Endorsement night at the Black Political Caucus



For three weeks, the Black Political Caucus of Charlotte-Mecklenburg has hosted candidate forums across the city for races up and down the ballot, as part of selection process that culminated with their endorsement meeting Sunday evening at the Double Oaks Pre-K Center.

For nearly 50 years the Caucus the has been a fixture of Charlotte's political scene, formed to unite, educate and maximize the political clout of the black community.

In addition to hosting forums and organizing precincts, the organization gives members the opportunity to meet each election year to endorse candidates. "People look for our ballots every year," chairwoman Gloria Rembert said, referring to flyers listing the endorsements that are handed out at the polls by volunteers.

About 50 members dressed in Sunday's best gathered Sunday evening to begin their endorsement process. Candidates who showed up were given the opportunity to make one final pitch to the audience. The evening ended with a closed voting session, where members chose who to formally endorse. The full list was released early Tuesday morning.

On hand were state Senate candidate Joel Ford, Mecklenburg County Commissioner Pat Cotham, and District Court judges Ty Hands, Donnie Hoover and Jena Culler, who lined up to briefly address the audience. Congressman Mel Watt, a voting member of the Caucus, slipped in the door late wearing an untucked white golf shirt and slacks.

Also on hand was Ron Allen, the western North Carolina political director for the Obama campaign, who spoke as a surrogate for the president. "We've had a lot of progress, but it hasn't happened without the people in this room," Allen said.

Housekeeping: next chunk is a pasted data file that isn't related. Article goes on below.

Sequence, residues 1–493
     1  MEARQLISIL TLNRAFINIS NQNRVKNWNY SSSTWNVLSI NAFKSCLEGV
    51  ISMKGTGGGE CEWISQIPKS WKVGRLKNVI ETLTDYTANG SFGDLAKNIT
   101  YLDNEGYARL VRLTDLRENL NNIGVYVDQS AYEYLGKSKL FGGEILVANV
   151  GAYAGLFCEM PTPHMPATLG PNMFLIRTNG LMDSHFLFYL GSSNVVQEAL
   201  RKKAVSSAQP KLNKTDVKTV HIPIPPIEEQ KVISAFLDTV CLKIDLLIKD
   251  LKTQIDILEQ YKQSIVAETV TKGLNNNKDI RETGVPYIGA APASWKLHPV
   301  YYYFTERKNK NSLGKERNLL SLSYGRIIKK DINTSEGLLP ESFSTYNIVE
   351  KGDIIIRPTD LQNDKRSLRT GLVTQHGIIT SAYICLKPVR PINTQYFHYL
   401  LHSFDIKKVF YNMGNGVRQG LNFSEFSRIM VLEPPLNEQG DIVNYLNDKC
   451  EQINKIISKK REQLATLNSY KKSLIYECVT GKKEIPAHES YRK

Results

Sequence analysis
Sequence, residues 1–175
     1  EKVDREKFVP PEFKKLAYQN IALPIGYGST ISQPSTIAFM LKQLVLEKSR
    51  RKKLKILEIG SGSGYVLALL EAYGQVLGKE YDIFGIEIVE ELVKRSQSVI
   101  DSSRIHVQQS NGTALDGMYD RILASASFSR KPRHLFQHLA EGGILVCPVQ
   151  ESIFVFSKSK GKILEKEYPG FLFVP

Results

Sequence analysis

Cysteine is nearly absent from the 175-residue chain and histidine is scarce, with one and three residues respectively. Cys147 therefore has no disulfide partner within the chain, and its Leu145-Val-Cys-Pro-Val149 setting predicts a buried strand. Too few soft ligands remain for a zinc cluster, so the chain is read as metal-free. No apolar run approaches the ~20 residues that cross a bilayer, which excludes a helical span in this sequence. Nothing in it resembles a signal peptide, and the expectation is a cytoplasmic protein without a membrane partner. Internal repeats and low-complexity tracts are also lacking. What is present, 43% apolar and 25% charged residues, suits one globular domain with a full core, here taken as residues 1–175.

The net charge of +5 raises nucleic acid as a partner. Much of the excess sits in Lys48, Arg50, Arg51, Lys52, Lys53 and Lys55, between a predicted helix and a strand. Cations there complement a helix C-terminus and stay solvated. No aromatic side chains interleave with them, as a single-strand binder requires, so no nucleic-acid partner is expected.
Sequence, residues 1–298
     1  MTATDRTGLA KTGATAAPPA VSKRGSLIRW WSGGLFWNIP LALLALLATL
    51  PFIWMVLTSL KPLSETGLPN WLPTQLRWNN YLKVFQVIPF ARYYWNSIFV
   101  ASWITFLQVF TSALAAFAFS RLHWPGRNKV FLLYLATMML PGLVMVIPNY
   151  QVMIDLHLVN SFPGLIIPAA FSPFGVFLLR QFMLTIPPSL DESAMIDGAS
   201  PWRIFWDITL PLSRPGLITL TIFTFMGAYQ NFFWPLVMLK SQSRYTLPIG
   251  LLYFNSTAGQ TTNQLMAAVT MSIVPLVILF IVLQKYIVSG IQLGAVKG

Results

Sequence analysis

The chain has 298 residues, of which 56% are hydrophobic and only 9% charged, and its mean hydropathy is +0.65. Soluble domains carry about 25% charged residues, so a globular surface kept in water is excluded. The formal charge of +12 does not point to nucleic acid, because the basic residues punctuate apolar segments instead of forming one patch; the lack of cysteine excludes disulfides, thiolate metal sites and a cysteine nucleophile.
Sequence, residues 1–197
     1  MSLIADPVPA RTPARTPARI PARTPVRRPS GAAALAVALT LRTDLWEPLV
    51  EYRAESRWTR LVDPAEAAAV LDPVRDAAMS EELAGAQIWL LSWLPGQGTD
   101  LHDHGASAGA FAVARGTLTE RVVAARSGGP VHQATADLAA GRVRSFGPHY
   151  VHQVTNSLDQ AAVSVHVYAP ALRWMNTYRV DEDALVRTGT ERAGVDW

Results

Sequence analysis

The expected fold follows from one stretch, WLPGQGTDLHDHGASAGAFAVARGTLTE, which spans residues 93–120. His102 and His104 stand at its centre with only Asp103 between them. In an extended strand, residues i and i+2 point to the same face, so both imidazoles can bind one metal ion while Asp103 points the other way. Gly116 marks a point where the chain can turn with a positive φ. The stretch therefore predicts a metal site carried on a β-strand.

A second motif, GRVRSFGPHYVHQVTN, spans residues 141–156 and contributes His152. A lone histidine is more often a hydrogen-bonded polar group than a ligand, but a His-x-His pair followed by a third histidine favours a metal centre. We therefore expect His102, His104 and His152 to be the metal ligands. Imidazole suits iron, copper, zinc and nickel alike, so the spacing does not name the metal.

Most of the candidates in attendance were African-American politicians who knew most of the faces in the room, so they kept their remarks short.

The soft-spoken Watt used his time to urge the group to vote for a straight Democratic ticket in addition to supporting the incumbent president and reminded them to go down the ballot and vote in the non-partisan judicial races.

The only statewide candidate in attendance was North Carolina Court of Appeals Judge Sam J. Ervin, who is running for state Supreme Court in one of those often forgotten races.

The only real fireworks of the evening came from Republican Wayne Powers, who is running for County Commissioner At-Large. Powers called on the audience not to "bow down to hyper-partisan endorsements," though the Caucus traditionally support Democrats.

"My hand has been outstretched for a quarter century, but my arm is getting tired, and I need you to extend yours," Powers said, asking the members to give him a chance.

County Commissioner Vilma Leake finished as the bookend of the open session speakers and a surrogate for Lt. Gov. Walter Dalton in his gubernatorial bid. "[Pat McCrory] has no idea what education is about, he will not support children," Leake said.

Watt said he backs the Caucus because of its mission to educate and empower voters.

"Politics has become complicated," Watt said," so it has been hard for people to focus on each race, and the Black Political Caucus has been helpful getting the word out and has credibility in both the progressive and black communities."

For more information, visit its website. Email [email protected] for a list of endorsements.

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